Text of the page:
There are no facts, only interpretations."
In this chapter we will talk about interpretations in communication and how we can avoid misunderstandings in this area in our daily life with our partner.
To start, let us go back to the very basics by defining what communication is.
Communication is a process by which information is exchanged between individuals through a common system of symbols, signs, or behaviour, (Merriam-Webster, 2021).
Communication can be done through three different channels:
The often-occurring problem in communication is that of meanings. The message sent may not pertain the same meaning and intention to whoever received it. There can be many disturbances to communication, such as interpretation or our own assumptions. The way we interpret messages is shaped by different factors, for instance, current mood, feelings, cultural background, personality, educational background and the way we prefer to communicate.
Especially in intercultural relationships, there can be many misunderstandings simply from interpreting messages differently. In many relationships, be it professional, familiar or romantic, the obstacle seems to be the personal assumptions of the people involved. The sender assumes that what they are saying is received as they understand it. The receiver assumes the message as according to their perception on the matter. The two then believe to be certain and to possess full understanding of what is being communicated, though in reality the two perspectives might not be any further apart.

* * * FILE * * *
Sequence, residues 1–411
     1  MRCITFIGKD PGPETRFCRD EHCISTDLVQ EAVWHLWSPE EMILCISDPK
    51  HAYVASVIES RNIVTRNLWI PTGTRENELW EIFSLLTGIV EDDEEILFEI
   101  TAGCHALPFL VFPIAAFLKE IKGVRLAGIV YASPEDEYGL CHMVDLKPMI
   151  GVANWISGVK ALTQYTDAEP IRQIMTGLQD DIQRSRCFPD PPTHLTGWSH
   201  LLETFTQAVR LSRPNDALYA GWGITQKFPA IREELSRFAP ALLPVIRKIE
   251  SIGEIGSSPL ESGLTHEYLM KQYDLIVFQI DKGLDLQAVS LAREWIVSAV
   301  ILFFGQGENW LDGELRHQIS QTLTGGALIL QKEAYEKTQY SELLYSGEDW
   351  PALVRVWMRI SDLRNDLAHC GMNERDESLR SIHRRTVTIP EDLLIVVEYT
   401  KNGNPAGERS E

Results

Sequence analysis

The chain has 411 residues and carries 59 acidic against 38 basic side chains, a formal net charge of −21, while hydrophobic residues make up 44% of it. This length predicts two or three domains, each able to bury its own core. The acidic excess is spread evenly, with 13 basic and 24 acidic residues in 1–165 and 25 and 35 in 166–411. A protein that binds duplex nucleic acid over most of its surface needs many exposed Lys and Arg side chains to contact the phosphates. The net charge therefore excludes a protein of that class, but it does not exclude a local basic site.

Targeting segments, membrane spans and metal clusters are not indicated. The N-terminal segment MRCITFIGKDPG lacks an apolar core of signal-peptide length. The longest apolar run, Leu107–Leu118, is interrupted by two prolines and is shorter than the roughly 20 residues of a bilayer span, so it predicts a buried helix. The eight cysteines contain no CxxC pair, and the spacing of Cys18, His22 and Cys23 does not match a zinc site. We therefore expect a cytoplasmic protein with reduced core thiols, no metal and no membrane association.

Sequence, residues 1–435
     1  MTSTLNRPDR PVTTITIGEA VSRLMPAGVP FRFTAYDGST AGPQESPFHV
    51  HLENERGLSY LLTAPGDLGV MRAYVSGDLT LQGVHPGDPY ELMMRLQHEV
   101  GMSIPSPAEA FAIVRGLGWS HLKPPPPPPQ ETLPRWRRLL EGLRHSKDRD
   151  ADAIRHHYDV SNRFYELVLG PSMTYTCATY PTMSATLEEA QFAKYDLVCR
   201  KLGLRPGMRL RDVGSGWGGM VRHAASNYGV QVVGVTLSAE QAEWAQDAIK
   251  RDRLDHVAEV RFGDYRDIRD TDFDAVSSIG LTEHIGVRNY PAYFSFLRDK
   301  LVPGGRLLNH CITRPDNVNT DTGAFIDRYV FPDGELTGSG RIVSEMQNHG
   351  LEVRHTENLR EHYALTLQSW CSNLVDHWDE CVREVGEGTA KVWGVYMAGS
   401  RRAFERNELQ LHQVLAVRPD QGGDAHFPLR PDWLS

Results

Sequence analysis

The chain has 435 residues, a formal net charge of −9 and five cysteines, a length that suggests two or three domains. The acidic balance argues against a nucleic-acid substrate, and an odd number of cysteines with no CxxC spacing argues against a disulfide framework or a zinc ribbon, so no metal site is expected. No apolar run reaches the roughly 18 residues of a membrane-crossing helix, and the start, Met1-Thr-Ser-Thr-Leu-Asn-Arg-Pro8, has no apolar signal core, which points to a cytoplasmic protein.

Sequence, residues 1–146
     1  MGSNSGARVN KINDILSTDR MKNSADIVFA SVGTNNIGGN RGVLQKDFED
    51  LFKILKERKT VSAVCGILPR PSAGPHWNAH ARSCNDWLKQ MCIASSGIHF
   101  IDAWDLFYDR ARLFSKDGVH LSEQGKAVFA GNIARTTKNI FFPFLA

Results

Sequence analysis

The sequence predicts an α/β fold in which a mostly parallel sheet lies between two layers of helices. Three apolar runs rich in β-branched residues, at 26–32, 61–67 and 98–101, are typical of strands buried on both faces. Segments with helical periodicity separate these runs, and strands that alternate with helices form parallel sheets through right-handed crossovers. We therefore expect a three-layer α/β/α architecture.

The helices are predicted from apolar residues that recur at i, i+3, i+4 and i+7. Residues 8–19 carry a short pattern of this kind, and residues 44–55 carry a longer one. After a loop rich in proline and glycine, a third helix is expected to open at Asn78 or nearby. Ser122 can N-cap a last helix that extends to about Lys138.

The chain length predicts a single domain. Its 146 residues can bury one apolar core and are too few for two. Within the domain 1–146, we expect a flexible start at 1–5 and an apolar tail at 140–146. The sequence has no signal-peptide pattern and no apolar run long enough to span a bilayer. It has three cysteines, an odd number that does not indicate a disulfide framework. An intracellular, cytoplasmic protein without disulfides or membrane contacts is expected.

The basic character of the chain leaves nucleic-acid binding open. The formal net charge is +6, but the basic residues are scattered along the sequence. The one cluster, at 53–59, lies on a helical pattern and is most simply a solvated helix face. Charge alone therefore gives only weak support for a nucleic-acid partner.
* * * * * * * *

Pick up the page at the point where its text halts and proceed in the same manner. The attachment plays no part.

Let us look at a typical example of two spouses:
The husband comes home and says, “I am so hungry!”.
This is a message in a form of a simple sentence, conveyed through the channel of verbal communication.
The wife, who is the receiver of this message, could for example answer with: “Then go make yourself a sandwich.”
Additionally, depending on her mood, her personality, her own cultural background, internalised gender roles, and the husband’s non-verbal communication accompanying the statement (tone of voice, posture, facial expressions, etc.) she could easily interpret this in some other way. For instance, some of the following ways:
“Oh no, he is hungry, and there is no food. He was expecting me to have food ready.”